Robert Gsellman worked around Anthony Rendon's RBI single in the ninth for his 12th save.
Washington began the day in danger of being officially eliminated from contention in the NL East, which it won the past two seasons under then-manager Dusty Baker. A loss by the Nationals plus a victory by the Braves would end any chance Washington has of catching Atlanta.
DeGrom is locked in what's considered a tight race for Cy Young honors -- and perhaps league MVP consideration, too -- with Nationals ace Max Scherzer, who is 17-7 with a 2.57 ERA and 290 strikeouts. Scherzer has won the past two Cy Young Awards in the NL, plus one in the AL when he played for the Detroit Tigers.
In the Mets' 5-4 victory in 12 innings Thursday, Scherzer gave up three runs in seven innings and struck out 13.
Entering Friday, deGrom boasted a majors-leading 1.78 ERA, 251 Ks and 45 walks, and ranked No. 1 in various other categories.
"I think that it says a lot about who he is as a worker. I think it says a lot about who he is as a competitor," Mets manager Mickey Callaway said. "He tends to step it up when it matters the most, and this is probably mattering the most out of all his starts, and he continues to pitch just as dominant as he was before. That's the definition of a true ace."
DeGrom looked good from the outset, striking out leadoff hitter Victor Robles with a 98 mph fastball, then getting Bryce Harper to swing through a 99 mph offering to end the first inning. Harper missed a 93 mph slider to strike out again in the fourth, then grounded out on a chopper fielded by deGrom in the sixth.
Washington's only run off deGrom came on Ryan Zimmerman's sacrifice fly on a ball hit to the warning track in deep center field in the second.
Mets: Mesoraco hadn't played since leaving a game Sept. 3 because of a bulging disk in his back. He was 3 for 3 with a walk.
Nationals: OF Adam Eaton was out of the starting lineup for the fourth time in five games, because of what manager Dave Martinez said was a sore and stiff left knee, the one surgically repaired last season.
WE'RE GOING STREAKING!
Nationals 3B Rendon's second-inning walk extended his streak of reaching base safely to a career-best 29 games; he came around to score.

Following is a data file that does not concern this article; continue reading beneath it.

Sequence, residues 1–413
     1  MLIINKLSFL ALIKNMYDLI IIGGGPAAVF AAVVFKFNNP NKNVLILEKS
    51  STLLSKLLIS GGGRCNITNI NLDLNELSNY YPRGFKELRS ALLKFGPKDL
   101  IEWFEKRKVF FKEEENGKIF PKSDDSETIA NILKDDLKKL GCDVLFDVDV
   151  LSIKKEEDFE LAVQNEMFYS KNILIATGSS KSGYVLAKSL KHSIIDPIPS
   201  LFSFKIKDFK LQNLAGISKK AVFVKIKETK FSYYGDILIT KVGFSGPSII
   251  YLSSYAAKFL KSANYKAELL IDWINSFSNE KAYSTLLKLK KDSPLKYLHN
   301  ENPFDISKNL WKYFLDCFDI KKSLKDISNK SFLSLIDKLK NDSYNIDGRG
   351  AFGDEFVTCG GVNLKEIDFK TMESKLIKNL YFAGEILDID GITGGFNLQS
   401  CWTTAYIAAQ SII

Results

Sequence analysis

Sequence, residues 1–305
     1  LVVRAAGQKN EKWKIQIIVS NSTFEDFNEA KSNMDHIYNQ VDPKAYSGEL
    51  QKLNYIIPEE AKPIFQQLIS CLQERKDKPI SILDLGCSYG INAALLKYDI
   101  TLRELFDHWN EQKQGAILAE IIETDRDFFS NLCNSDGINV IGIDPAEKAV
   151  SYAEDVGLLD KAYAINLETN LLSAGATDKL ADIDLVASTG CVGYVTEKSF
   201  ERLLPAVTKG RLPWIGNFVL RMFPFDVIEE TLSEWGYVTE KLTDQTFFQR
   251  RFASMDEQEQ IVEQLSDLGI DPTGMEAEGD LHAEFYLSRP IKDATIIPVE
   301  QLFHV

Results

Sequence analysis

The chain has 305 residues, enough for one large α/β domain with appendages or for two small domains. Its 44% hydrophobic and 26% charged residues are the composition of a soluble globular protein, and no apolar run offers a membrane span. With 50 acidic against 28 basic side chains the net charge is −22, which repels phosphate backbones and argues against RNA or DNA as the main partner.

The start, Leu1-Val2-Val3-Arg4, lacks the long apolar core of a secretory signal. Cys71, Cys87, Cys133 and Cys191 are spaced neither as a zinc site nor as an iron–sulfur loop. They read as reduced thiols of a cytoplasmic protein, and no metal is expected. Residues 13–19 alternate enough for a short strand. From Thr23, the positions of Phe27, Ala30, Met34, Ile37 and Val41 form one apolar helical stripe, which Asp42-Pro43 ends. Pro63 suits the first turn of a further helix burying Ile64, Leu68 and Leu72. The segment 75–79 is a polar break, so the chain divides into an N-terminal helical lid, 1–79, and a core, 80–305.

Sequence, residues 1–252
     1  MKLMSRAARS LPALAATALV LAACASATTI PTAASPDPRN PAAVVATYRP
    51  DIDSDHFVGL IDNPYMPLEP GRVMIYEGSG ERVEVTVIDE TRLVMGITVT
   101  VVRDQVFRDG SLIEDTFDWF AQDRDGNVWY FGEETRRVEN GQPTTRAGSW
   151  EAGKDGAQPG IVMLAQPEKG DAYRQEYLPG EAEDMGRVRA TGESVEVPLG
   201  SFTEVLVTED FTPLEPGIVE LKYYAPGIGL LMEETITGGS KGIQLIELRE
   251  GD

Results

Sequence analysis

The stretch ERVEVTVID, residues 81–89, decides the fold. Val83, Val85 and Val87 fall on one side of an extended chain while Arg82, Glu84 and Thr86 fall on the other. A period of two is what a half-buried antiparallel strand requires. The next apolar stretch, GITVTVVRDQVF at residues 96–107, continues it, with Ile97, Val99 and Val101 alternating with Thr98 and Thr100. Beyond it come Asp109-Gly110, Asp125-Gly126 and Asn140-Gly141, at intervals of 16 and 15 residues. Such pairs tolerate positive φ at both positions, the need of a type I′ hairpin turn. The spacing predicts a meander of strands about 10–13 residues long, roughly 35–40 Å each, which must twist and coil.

RHP Corey Oswalt (3-2, 6.31 ERA) will start for the Mets on Saturday, while the Nationals wouldn't commit to a starting pitcher before Friday's game.
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It was another rough start for the Capitals who not only have lost every preseason game they have played, but have still yet to hold a lead. Washington was only able to put one goal past the Carolina Hurricanes as a 3-1 first period deficit gave way to a 5-1 loss.
Despite the ugly result, however, there were some bright spots. Here are the players who impressed.
In an era where everyone is trying to get faster, it really can make the physical players stand out. O’Brien certainly stood out on Friday and looked like the Caps’ best player. He threw his body around against the Hurricanes, but he wasn’t reckless either. O’Brien’s physicality opened up offense for his line. He finished the game with four hits, but also had six total shot attempts, three of which were on net.
At 24, it is critical for O’Brien to show he still has something to offer at the NHL level as the team adds more and more young prospects. He is unlikely to make the roster, but he is certainly making a case for a call-up this season.
Ness had the play of the night for the Capitals with his assist in the first period. He took a pass at the blue line and found some room to work in front of him. He skated up, drew the defense in with a head fake and fed Nicklas Backstrom with the no-look pass. Backstrom netted the easy goal against the fooled Petr Mrazek.
Ness made the Caps out of camp last season and played eight games with the NHL squad. If the Caps are in need of a defenseman for a long-term call-up, some of the prospects are more likely to get the nod over Ness, but he remains a viable call-up for short-term spot duty.
In the first game of the Prospects Showcase tournament earlier this month, Samsonov had a shaky outing allowing five goals. He followed that game with a 21-save shutout in his second start of the tournament. In his first preseason contest on Tuesday against the Boston Bruins, Samsonov allowed two goals on 11 shots and never really looked comfortable. On Friday, however, Samsonov came on for the third period and turned aside six of the seven shots he faced. The lone goal he allowed came on the power play as Valentin Zykov knocked the puck out of a scrum in front of the net to Jaccob Slavin on the back door.
The quick improvement from game to game from Samsonov has been impressive and he looked much more comfortable in net in his second preseason appearance.
Madison Bowey’s pants
Way to block that shot.